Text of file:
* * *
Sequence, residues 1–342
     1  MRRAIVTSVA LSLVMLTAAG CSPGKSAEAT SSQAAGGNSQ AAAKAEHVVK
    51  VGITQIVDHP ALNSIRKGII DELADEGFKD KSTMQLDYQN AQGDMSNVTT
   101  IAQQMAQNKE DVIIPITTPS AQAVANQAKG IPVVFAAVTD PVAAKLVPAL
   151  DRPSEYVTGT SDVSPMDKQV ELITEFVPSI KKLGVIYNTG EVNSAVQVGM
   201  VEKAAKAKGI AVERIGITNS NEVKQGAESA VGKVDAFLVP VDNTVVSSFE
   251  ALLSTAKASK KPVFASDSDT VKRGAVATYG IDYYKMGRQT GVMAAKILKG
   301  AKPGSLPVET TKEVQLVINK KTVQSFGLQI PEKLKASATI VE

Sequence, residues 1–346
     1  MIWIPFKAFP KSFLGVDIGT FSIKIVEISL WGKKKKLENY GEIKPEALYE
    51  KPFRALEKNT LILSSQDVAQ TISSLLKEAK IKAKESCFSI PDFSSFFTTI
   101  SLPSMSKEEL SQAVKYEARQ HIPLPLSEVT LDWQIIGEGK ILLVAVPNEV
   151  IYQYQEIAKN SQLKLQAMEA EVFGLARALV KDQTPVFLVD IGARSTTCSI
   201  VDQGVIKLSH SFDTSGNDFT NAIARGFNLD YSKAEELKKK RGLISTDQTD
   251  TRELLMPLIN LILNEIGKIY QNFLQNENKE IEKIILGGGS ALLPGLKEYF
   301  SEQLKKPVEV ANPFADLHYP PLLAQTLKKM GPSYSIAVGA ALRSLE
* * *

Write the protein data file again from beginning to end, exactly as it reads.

Sequence, residues 1–342
     1  MRRAIVTSVA LSLVMLTAAG CSPGKSAEAT SSQAAGGNSQ AAAKAEHVVK
    51  VGITQIVDHP ALNSIRKGII DELADEGFKD KSTMQLDYQN AQGDMSNVTT
   101  IAQQMAQNKE DVIIPITTPS AQAVANQAKG IPVVFAAVTD PVAAKLVPAL
   151  DRPSEYVTGT SDVSPMDKQV ELITEFVPSI KKLGVIYNTG EVNSAVQVGM
   201  VEKAAKAKGI AVERIGITNS NEVKQGAESA VGKVDAFLVP VDNTVVSSFE
   251  ALLSTAKASK KPVFASDSDT VKRGAVATYG IDYYKMGRQT GVMAAKILKG
   301  AKPGSLPVET TKEVQLVINK KTVQSFGLQI PEKLKASATI VE

Sequence, residues 1–346
     1  MIWIPFKAFP KSFLGVDIGT FSIKIVEISL WGKKKKLENY GEIKPEALYE
    51  KPFRALEKNT LILSSQDVAQ TISSLLKEAK IKAKESCFSI PDFSSFFTTI
   101  SLPSMSKEEL SQAVKYEARQ HIPLPLSEVT LDWQIIGEGK ILLVAVPNEV
   151  IYQYQEIAKN SQLKLQAMEA EVFGLARALV KDQTPVFLVD IGARSTTCSI
   201  VDQGVIKLSH SFDTSGNDFT NAIARGFNLD YSKAEELKKK RGLISTDQTD
   251  TRELLMPLIN LILNEIGKIY QNFLQNENKE IEKIILGGGS ALLPGLKEYF
   301  SEQLKKPVEV ANPFADLHYP PLLAQTLKKM GPSYSIAVGA ALRSLE